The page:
Elder M. Russell Ballard, an apostle in The Church of Jesus Christ of Latter-day Saints, spoke several years ago on the topic, “What Matters Most is What Lasts Longest.”  As I read his talk, it struck a chord with me.


m russell ballard

President M. Russell Ballard, Acting President of the Quorum of the Twelve Apostles

So often as we’re parenting our children, we get hung up on things that don’t last very long and probably aren’t very important – i.e. if our son didn’t scrub under his nails or our daughter doesn’t wash her hair often enough. These are important activities, true. Good personal hygiene is a lovely thing!


But sometimes as parents we become frustrated and angry in ways that aren’t needful. If we’re not careful, one day we might lose the opportunity to correct this. Elder Ballard spoke of his experience when he visited displaced victims of Hurricane Katrina. Listen to this:


“Their stories and situations are tragic and poignant in many ways, but in all that I heard, what touched me the most was the crying out for family: ‘Where is my mother?’ ‘I can’t find my son.’ ‘I’ve lost a sister.’ These were hungry, frightened people who had lost everything and needed food, medical attention, and help of all kinds, but what they wanted and needed most was their families” (Elder M. Russell Ballard, “What Matters Most Is What Lasts Longest,” Ensign, Nov. 2005, 41)


I read this and thought of the truthfulness of this thought. One can see this born out at airports, in fact. Suddenly everyone seems to love each other – for in saying goodbye, one often realizes what they will soon be missing.


So as parents, what can we do to correct hasty, angry, sour moments with our children? Here are a few thoughts.


First, we can love more verbally. I have heard it said that a child hears one positive comment for every seventeen negative comments. Perish the thought! No wonder children as they grow often turn to peers to have their needs met. Indeed, as parents we do NOT need to bend our rules. But we do need to love verbally better and more often. We need to catch our kids doing all the good things they do, and express gratitude over it. Why wait until it’s too late?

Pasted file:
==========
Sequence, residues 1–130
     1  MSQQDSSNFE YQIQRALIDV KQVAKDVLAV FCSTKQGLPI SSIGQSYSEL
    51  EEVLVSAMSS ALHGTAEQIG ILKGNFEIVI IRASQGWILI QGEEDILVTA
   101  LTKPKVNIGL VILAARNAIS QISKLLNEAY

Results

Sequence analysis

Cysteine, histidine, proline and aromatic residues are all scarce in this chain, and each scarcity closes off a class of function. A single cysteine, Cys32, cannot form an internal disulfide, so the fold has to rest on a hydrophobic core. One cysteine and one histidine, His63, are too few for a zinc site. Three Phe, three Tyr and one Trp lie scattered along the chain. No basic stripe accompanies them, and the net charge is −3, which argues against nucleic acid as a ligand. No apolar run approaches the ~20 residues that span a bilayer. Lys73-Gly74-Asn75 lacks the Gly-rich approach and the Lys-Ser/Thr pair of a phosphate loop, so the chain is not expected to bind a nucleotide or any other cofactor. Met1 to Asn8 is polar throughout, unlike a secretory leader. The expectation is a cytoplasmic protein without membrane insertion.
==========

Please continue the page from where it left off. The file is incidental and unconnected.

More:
Second, we can love more physically. Why not spend fifteen minutes tossing a ball back and forth or spending the last few minutes of the day giggling or reading a story together. I’ve heard it said, “The family that laughs together stays together.” And it is true. Families that have fun together seem to weather the storms of life better.


Finally, we can love the Lord more. This is for both individuals and families. When children see parents serving God and reading their scriptures and praying, the children will learn to do the same. The result will be a family that draws closer because they are based on the things of God.


Why wait for a devastation such as Hurricane Katrina to wake us up to the people living in our own homes and how terrific they are? Why wait till saying goodbye at an airport or a funeral to then say nice things to or about each other? Let’s start today making a difference in the hearts and lives of those we love by loving them more verbally, physically, and spiritually.


To read the rest of Elder Ballard’s talk, click on the highlighted text. To learn additional ways to strengthen your family, feel free to visit the Provident Living website. Families will last for a long time – even an eternity – if we just treat them right!

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